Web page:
Americans think that President Barack Obama is the worst president since World War II, according to a new poll from Quinnipiac University.
The poll found that 33 percent of Americans thought Obama was the worst president since the 1940s, slightly less popular than George W. Bush with 28 percent of the vote and Richard Nixon at 13 percent.
"Over the span of 69 years of American history and 12 presidencies, President Barack Obama finds himself with President George W. Bush at the bottom of the popularity barrel," assistant director of the Quinnipiac University Poll Tim Malloy said in a statement picked up by Business Insider.
Additionally, Malloy said, 45 percent of participants in the poll said that Mitt Romney would have made a better president than Obama, with 38 percent arguing that Romney would have been a worse president.
The president has recently come under fire for his foreign policy, which has historically been a Democratic strong suit, according to Voice of America, and many of his past actions are now being criticized as going against the Constitution.
“You know the Constitution makes it clear that the president’s job is to faithfully execute the laws, and in my view the president has not faithfully executed the laws," Speaker of the House John Boehner said as quoted by Voice of America.
Malloy came back to defend the president’s numbers, stating that Obama has dealt with a historically stubborn Congress and a typically difficult second term.
“It is not easy for a second-term president, ever,” said Malloy, quoted by Voice of America. “And is the president going rogue? Is he doing things arbitrarily and on his own? Some would say he is. But this has been historic gridlock in Washington, and I am sure supporters of the president say he has got no other choice, and people who do not support him say he has gone off the reservation.”
Others have said that Obama’s popularity numbers now, in the middle of his second term, are meaningless.
“It’s just silly” to judge Obama’s performance now that he still has so much of his presidency to complete, wrote Jonathan Bernstein of Bloomberg View. Additionally, he argues, this story is not an unbiased poll but an example of partisanship.
“Questions about who are the best and worst post-WWII presidents are useless,” he wrote in another Bloomberg article. “What they mainly show is that Republicans are far more unified around a single story than are Democrats.”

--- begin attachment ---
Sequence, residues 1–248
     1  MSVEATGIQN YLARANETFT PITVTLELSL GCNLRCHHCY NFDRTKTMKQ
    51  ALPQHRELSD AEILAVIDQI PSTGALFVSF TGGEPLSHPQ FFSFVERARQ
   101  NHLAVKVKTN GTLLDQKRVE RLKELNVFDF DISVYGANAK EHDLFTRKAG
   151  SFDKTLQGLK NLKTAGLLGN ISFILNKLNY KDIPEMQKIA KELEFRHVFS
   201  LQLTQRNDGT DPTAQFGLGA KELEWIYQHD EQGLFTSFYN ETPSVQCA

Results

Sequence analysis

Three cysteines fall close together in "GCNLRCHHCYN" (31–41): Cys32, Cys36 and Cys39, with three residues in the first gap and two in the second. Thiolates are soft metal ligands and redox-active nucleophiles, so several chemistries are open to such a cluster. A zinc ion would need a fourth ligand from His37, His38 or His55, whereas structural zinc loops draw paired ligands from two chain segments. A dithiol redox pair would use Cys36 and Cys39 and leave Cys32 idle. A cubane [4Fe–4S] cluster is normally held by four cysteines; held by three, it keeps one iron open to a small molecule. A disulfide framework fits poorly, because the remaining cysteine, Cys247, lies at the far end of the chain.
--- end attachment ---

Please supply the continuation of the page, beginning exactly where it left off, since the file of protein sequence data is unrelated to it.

The poll only showed that Republicans currently dislike Obama more than any other Democratic president, he continued. Given that there is a Democrat in office, it is obvious who the opposite party will rally against. “It’s no surprise that they choose the current occupant of the Oval Office over long-gone Carter, either, let alone the popular Clinton.”
Others have said that this poll is biased because it has come during Obama’s administration, and these results will change with time as they have done with other presidents.
“If there is any consolation for Obama, it is that 34 percent of respondents called George W. Bush the worst president since World War II when a similar question was asked in 2006, the sixth year of Bush's presidency. Obama is now in the sixth year of his,” according to Chuck Raasch of the St. Louis Post-Dispatch.
Current presidents face much more scrutiny than those who have left office, according to other sources.
“Asking voters to rate the current president against his predecessors may not be fair,” wrote Linda Feldmann of the Christian Science Monitor. “Sitting presidents face a daily barrage of challenges, and voters can be harsh, even when a president’s ability to fix a problem is limited. Typically, as soon as a president leaves office, his favorability rating gets a boost. And, historians say, one really should wait a few decades before ranking a president for the ages.”
According to the poll, the most favored presidents were Ronald Reagan with 35 percent of the vote, Bill Clinton at 18 percent, and John F. Kennedy at 15 percent. Eight percent of voters, meanwhile, said that Obama was the best president.
Bethan Owen is a writer for the Deseret News Moneywise and Opinion sections. Twitter: BethanO2
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